—Liu Tsung-yüan, 773-819
The cycle of life is a worrisome thing,
a single breath that gathers and scatters again.
We come by chance into a hubbub of joy and rage
and suddenly we’re taking leave again.
To be an underling is no disgrace,
neither is nobility divine;
all at once when breathing stops,
fair and ugly disappear in decay.
You slaved in my stables all your life,
cutting fodder, you never complained you were tired.
When you died we gave you a cheap coffin
and buried you at the foot of the eastern hill.
But then, alas, there came a raging flood
that left you helter-skelter by the roadside.
Dry and brittle, your hundred bones baked in the sun,
scattered about, never to join again.
Luckily an attendant told me of this,
and the vision saddened me to tears,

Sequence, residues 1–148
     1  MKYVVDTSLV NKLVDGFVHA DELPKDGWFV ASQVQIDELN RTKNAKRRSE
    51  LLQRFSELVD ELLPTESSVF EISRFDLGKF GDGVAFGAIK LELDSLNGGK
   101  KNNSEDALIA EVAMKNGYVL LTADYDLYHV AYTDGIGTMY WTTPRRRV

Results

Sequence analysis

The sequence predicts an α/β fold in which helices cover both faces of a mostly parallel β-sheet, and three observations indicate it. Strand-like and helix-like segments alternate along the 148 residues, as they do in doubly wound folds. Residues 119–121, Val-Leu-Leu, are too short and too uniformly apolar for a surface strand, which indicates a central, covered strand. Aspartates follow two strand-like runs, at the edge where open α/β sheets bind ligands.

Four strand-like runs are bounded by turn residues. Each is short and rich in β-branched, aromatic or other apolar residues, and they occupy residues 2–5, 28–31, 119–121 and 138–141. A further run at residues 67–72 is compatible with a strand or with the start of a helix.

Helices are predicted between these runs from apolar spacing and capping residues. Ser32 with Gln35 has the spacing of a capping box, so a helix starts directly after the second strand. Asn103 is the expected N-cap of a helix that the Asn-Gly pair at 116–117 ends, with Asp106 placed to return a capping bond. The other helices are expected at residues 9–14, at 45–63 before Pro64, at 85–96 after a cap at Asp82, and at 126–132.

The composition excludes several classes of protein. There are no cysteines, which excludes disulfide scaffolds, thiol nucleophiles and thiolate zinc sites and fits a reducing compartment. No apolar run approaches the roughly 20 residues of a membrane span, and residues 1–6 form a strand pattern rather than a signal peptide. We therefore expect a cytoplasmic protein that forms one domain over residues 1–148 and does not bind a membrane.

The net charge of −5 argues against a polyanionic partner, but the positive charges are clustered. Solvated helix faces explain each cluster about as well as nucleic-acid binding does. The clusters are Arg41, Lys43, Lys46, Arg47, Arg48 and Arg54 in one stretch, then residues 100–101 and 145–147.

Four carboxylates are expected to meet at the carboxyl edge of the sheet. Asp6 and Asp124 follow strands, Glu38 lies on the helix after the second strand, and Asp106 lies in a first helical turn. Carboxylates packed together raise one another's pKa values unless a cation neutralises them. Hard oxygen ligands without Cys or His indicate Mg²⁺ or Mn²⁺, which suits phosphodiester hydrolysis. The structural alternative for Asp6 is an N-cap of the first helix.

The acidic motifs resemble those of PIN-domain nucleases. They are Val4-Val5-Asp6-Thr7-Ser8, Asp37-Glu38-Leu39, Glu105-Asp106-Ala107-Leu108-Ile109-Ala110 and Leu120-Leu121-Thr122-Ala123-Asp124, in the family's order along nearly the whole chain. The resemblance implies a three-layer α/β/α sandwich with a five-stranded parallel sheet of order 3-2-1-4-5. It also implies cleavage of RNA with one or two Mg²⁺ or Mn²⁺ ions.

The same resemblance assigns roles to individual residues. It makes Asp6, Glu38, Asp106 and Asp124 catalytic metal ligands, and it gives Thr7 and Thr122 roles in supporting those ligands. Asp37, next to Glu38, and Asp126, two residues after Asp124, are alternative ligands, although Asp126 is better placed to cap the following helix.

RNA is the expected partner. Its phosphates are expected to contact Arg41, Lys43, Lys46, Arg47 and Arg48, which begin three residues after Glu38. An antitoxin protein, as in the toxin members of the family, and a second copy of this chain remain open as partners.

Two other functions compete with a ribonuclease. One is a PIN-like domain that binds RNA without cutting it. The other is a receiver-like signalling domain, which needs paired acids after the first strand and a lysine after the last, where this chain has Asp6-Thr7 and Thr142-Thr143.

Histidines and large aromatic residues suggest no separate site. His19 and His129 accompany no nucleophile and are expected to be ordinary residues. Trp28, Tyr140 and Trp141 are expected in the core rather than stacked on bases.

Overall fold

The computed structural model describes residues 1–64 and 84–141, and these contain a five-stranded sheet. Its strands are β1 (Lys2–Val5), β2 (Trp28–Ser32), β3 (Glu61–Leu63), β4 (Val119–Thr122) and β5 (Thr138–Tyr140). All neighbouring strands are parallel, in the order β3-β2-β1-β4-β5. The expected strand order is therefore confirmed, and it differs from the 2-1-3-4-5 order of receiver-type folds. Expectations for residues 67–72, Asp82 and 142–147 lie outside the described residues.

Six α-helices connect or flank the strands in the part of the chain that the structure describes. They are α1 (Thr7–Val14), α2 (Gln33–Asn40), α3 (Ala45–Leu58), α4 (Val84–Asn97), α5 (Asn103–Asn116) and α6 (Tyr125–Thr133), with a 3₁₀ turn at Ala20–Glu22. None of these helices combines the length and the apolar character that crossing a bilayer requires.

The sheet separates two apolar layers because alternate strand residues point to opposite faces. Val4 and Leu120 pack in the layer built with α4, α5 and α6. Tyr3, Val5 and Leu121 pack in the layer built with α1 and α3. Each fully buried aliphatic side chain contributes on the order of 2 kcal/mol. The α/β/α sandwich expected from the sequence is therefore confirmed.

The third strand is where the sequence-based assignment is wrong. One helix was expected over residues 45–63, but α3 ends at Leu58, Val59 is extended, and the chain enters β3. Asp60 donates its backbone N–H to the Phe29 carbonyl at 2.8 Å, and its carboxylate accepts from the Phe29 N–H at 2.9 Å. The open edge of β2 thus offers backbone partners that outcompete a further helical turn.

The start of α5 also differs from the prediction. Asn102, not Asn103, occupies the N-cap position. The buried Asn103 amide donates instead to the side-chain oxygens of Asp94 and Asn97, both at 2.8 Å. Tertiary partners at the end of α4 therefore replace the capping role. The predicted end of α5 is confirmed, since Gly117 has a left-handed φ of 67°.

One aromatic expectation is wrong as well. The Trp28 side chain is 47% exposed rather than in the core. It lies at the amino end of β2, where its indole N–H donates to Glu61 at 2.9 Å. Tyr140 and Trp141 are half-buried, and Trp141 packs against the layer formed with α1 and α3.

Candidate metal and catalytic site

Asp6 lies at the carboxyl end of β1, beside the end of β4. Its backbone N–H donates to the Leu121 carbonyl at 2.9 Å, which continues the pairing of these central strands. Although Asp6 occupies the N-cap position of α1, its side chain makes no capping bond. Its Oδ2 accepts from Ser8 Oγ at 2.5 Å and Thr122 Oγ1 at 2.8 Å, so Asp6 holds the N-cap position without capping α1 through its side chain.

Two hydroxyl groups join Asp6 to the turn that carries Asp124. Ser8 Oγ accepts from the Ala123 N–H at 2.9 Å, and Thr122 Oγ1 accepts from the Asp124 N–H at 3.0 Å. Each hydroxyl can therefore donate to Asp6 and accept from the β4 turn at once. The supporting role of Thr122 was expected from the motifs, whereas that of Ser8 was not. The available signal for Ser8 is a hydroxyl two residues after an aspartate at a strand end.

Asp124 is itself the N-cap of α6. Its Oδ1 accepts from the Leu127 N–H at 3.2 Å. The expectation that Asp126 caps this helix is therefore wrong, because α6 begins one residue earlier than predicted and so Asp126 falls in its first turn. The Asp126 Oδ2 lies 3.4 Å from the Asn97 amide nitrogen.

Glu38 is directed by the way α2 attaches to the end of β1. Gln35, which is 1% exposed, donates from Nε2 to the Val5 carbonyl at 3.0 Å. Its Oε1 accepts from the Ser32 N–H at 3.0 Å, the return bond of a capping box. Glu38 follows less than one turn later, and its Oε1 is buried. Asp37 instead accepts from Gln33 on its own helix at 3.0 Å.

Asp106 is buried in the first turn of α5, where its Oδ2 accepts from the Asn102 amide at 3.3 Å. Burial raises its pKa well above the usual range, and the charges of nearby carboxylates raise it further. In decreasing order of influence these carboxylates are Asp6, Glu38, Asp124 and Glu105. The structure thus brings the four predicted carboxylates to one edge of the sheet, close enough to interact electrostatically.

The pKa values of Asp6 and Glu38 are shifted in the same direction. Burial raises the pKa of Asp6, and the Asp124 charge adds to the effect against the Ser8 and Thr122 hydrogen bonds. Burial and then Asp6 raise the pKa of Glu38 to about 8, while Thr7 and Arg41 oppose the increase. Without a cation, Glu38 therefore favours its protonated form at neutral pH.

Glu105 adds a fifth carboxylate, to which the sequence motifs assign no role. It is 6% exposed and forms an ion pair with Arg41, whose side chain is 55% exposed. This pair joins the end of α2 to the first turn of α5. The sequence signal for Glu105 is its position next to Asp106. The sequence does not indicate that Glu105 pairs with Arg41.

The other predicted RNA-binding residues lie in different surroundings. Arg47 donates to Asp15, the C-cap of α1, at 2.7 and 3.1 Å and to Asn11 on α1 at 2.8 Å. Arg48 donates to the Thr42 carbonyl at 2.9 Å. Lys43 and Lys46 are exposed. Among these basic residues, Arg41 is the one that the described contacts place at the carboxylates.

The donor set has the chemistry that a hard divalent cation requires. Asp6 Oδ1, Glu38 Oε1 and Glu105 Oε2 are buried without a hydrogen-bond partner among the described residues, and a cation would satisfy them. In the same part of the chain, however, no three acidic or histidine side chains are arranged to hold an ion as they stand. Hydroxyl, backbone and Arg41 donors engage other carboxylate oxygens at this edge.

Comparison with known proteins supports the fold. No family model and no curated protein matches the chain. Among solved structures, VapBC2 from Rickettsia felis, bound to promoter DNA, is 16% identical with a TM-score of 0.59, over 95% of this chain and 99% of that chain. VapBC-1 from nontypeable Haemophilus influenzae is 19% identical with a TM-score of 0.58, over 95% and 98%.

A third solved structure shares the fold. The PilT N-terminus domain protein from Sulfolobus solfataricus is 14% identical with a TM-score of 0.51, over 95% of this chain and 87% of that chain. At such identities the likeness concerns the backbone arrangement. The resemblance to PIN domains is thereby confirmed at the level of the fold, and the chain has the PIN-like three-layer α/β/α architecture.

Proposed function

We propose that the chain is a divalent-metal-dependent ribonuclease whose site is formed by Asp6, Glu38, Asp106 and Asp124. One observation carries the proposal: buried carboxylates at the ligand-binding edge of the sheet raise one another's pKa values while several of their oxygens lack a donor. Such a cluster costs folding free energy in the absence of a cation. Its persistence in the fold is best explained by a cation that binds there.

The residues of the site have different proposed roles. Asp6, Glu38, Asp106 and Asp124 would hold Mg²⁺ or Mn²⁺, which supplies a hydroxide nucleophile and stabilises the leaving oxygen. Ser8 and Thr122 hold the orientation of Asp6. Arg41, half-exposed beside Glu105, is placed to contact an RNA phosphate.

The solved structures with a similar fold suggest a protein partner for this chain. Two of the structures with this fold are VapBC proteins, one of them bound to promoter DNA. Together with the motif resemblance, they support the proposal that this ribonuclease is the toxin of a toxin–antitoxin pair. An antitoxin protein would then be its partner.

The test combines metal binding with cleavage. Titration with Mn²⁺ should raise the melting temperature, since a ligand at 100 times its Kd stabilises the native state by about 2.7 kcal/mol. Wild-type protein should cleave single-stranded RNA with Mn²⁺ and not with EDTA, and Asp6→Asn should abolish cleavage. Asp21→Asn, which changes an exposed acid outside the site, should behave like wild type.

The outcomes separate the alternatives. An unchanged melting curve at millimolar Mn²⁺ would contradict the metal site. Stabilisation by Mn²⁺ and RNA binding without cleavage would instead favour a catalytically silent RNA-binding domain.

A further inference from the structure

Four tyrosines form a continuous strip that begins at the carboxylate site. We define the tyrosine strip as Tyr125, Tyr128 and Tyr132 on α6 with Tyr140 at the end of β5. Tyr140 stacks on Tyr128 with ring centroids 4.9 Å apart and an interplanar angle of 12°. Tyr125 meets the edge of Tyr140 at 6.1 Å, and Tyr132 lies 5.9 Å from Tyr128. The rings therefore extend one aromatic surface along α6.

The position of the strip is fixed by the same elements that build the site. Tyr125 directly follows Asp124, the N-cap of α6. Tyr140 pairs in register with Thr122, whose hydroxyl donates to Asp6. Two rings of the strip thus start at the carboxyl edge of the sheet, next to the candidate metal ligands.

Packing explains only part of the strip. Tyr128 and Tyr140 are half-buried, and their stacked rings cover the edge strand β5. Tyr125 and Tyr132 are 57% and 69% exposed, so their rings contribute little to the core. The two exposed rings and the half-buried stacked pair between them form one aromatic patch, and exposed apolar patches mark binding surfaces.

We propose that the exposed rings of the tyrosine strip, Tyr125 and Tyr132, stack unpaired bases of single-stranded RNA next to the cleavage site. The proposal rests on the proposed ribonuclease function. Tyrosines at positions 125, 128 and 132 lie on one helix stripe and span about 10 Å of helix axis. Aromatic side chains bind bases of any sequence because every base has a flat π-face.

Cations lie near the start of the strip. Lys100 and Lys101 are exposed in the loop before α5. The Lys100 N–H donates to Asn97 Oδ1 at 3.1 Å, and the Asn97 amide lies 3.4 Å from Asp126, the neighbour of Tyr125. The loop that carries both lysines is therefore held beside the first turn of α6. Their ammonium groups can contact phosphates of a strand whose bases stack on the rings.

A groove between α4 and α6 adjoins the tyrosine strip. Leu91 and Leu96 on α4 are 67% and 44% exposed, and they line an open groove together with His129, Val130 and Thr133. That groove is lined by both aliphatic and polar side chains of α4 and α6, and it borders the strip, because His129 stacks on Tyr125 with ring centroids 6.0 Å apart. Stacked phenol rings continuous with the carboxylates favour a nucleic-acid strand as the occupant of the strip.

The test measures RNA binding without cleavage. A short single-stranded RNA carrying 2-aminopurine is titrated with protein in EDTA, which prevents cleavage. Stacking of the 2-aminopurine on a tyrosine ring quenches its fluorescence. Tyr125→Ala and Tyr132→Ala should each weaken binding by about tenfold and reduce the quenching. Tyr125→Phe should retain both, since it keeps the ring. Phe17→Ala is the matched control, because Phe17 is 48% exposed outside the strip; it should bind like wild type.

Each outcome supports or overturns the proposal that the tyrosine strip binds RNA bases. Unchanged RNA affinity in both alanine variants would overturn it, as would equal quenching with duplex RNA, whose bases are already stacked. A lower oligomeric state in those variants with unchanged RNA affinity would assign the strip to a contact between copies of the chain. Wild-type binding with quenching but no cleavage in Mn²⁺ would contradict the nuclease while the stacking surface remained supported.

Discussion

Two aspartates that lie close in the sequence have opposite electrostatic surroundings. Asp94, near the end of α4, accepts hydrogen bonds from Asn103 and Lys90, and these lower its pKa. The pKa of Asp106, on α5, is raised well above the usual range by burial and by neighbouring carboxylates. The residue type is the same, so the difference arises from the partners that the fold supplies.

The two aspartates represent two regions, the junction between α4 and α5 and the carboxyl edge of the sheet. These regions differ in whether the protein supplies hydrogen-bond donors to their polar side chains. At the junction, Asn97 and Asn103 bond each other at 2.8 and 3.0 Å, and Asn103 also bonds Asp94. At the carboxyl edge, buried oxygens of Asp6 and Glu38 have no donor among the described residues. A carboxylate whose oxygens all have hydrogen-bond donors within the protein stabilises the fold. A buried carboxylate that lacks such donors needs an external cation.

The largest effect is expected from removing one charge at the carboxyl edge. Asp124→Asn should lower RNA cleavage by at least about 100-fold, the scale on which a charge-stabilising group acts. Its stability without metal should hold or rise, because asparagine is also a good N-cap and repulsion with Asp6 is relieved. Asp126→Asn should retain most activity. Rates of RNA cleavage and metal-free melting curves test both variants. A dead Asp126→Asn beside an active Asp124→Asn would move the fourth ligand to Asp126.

for even cats and tigers rate a sacrificial offering,
and dogs and horses have their ragged shrouds.
Long I stand here mourning for your soul
yet how could you know of this act?
which waterways will keep from further harm.
My mind is now at ease
whether you know it or not.
One should wait for spring to cover up bones,
and propitious is the time now.
Benevolence for all things is not mine to confer;
you call it a personal favor for you.
(trans. from the Chinese by Jan W. Walls)